Monday, September 12, 2016

One Another - UNITY I

Among the “one another” statements in the Bible, several speak to the theme of unity.

Unity is important in a church congregation, but between spouses it is vital for a marriage to be healthy. In Genesis 2:24 it says “A man leaves his father and mother and is united to his wife, and they become one flesh.” The Word says “they become” but in reality, it takes work from both husband and wife to maintain a constant state of “becoming.” It is a lifelong commitment, not a one-time event.

This idea of one flesh is confusing; spouses are still two separate people, with their own thoughts, feelings, tendencies, quirks and personalities. How then do we live out the oneness that God states is the nature of marriage? Romans 15:6, 2 Corinthians 13:11 and Phillipians 2:2 all use the phrase “of one mind.” This is of course not suggesting that two people will think exactly the same. What it is suggesting though is for people - for our purpose, spouses - to put their heads together. Communication is key, especially in times of crisis or important decisions. Husband and wife must discuss priorities, goals, and values. Each spouse must bare their soul (Phil 2:2 also says “one in spirit”) to the other sharing their dreams and desires, and in the spirit of unity come to consensus. This is easier when additional “one another” commands are adhered to, such as 1 Thessalonians 5:15: “strive to do what is good for each other” or Romans 12:9 “Honor one another above yourself.” 1 Corinthians 13 says that love is not self serving or proud, and it is when both spouses are thinking not of themselves but of their partner, of their union, that oneness is strived for and achieved

Too often spouses try to “win” against each other. In marriage, if one spouse wins, both lose. Husband and wife must approach all obstacles as a team, not as adversaries. James writes “Don’t complain against one another” (4:11) and “Don’t grumble amongst one another” (6:43) and Paul implores the Galatians “Don’t challenge or envy one another” (5:26) and more dramatically “ Don’t bite, devour or consume one another (5:15) All these verses come from the same place, advocating for the idea that we are in this TOGETHER. As spouses it our imperative that we act like it. As Lincoln said, “A house divided cannot stand.”

Instead of fighting, embrace each other. Be each other’s greatest fan, biggest supporter and staunchest ally. As Jesus says to his disciples in Mark 9:50

Be at peace with one another

It makes facing obstacles much easier when you are locked arm in arm, moving forward together.

One Another - UNITY II

Now that we are focused on being of one mind, concentrating on being on the same time, working on living out the edict that husband and wife are one flesh, scripture give us practical steps we can take to help accomplish those goals.

Paul tells the Ephesians (4:2) “Gently and patiently tolerate one another.”

That doesn’t sound very romantic; “tolerate” seems a pretty low bar to hurdle in the context of marriage. One of its definitions though is “accept,” and that is key. Romans 15:7 says explicitly “Accept one another.” Too often we expect the other person to change when things aren’t going smoothly. There is an old adage “Women enter marriage expecting their husband to change, and they don’t. Men enter marriage expecting their wife to stay the same… and they don’t.” It is critical that we accept the person our spouse IS at any given point in time. We can’t pine for who they were, and yearn for who they could be. Our job is not to change them, mold them or shape them, but to encourage them and love them. When a person is set on changing another, disappointment is almost guaranteed. The vows we took were not stated with conditions; they were absolutes. We promised to love, to keep, to cherish. When acceptance is the goal, peace is much more often the outcome. As for the rest of this verse, gentleness and patience are both fruits of the spirit, and are qualities to be sought as we deal with all people. How much more so should we seek them when dealing with the person we have chosen to go through life with?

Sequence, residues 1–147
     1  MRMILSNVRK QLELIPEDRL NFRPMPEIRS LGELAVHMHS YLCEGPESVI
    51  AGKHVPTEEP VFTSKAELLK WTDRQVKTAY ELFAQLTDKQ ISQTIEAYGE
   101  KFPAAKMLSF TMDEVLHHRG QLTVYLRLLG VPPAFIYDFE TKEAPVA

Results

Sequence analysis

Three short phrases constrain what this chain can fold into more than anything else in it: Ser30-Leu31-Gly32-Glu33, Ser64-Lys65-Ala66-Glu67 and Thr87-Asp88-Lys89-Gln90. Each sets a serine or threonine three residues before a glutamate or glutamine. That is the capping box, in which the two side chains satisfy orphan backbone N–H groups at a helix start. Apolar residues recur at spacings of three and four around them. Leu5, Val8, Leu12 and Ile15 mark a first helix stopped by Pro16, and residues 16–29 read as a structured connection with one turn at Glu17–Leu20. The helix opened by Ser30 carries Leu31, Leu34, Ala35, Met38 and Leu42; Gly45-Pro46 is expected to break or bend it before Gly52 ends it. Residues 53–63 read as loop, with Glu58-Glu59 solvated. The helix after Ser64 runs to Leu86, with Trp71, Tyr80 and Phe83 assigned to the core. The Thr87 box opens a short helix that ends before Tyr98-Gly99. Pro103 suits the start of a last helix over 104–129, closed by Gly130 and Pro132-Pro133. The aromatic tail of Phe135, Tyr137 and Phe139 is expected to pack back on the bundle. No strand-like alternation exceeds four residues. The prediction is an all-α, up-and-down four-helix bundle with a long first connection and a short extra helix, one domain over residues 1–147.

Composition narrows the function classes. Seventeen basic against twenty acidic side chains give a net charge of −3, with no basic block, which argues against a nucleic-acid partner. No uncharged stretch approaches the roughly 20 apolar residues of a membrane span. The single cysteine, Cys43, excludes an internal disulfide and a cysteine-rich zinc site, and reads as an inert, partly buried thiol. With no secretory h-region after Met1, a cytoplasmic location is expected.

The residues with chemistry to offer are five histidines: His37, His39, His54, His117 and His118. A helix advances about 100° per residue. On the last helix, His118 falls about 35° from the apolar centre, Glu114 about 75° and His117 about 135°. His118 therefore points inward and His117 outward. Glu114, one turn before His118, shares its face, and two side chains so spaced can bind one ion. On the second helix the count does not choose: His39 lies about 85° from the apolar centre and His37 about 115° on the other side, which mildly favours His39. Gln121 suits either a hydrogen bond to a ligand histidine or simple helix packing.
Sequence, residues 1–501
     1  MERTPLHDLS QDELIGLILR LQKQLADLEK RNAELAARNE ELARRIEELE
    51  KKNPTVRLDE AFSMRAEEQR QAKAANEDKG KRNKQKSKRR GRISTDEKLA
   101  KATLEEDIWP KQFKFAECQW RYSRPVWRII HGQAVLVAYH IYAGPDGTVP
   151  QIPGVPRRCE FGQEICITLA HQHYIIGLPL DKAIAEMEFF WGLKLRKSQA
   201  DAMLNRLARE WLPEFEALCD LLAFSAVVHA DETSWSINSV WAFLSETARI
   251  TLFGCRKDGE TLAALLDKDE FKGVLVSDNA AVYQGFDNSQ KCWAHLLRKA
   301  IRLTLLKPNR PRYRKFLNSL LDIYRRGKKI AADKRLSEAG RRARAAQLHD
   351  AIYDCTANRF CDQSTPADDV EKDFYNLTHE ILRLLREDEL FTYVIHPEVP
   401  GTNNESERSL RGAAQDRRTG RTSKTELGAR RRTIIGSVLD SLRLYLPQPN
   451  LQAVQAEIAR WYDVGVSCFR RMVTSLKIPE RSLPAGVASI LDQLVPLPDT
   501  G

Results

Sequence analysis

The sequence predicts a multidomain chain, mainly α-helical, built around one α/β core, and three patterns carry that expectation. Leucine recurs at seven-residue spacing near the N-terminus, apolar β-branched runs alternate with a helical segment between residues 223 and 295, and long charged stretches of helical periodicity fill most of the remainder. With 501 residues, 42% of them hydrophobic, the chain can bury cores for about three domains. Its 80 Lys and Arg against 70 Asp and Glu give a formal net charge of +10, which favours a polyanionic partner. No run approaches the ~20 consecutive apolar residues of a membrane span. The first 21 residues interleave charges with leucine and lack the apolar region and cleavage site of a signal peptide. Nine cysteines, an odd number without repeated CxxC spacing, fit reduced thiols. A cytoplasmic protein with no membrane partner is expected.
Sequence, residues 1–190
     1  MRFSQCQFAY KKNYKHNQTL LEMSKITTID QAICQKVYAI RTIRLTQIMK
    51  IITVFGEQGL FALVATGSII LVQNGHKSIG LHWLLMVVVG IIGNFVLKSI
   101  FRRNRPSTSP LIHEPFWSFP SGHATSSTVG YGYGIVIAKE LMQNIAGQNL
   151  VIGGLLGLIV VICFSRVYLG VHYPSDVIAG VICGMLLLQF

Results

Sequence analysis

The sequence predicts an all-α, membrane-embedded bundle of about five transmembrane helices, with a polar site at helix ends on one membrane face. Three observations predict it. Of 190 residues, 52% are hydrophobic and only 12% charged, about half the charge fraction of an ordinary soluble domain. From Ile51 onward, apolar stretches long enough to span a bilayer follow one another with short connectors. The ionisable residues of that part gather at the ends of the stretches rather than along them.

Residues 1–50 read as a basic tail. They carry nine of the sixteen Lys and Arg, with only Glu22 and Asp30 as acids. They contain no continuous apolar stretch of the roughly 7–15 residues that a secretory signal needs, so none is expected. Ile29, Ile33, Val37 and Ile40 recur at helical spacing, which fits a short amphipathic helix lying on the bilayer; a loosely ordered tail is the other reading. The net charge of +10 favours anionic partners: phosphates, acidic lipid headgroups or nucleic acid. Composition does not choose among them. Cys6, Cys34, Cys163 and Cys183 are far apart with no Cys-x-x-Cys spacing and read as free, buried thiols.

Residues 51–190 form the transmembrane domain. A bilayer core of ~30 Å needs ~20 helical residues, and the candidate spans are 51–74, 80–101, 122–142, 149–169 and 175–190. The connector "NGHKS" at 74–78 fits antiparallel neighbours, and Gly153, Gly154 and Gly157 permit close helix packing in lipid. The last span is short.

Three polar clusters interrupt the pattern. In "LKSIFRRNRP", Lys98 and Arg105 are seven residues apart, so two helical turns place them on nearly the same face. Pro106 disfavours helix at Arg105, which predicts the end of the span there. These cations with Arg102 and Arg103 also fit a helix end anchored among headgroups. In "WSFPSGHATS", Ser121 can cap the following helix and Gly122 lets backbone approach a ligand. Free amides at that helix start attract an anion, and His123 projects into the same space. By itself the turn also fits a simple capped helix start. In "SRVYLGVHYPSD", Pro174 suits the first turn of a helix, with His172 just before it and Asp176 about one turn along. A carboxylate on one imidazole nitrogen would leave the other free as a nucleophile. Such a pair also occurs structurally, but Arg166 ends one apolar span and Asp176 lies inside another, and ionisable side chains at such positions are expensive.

Gentleness and patience are important since none of us are perfect. We are all finite and fallible. James 3:2 says “we all stumble in many ways” and Paul in Romans 3:23 says “all have sinned and fallen short of the glory of God.” Knowing that we are just as guilty, just as imperfect, we are called to show the grace that we know we receive from on high. Colossians 3:13 says “Bear with and forgive one another.” and Ephesians 4:32 implores “Be kind, tender-hearted and forgiving.” Knowing we are in this together, we must strive to minimize the strife that can divide us and weaken us, sap our strength and lead to selfishness, distance, and sin. In the midst of conflict, “a gentle answer turns away wrath” (Proverbs 15:1)

Even when our partners falter, we are called to be like Christ. The natural human reaction is to seek retribution, to punish the one at fault but again, that is not our job. 1 Thessalonians 5:15 says we are “not to repay evil with evil” but instead we should “seek good for one another.” This is not easy when we are hurting, but if we can look beyond the behavior we may see the other person is hurting too. Or scared, stressed or anxious. We must focus on forgiveness, on healing, on wholeness.

On unity.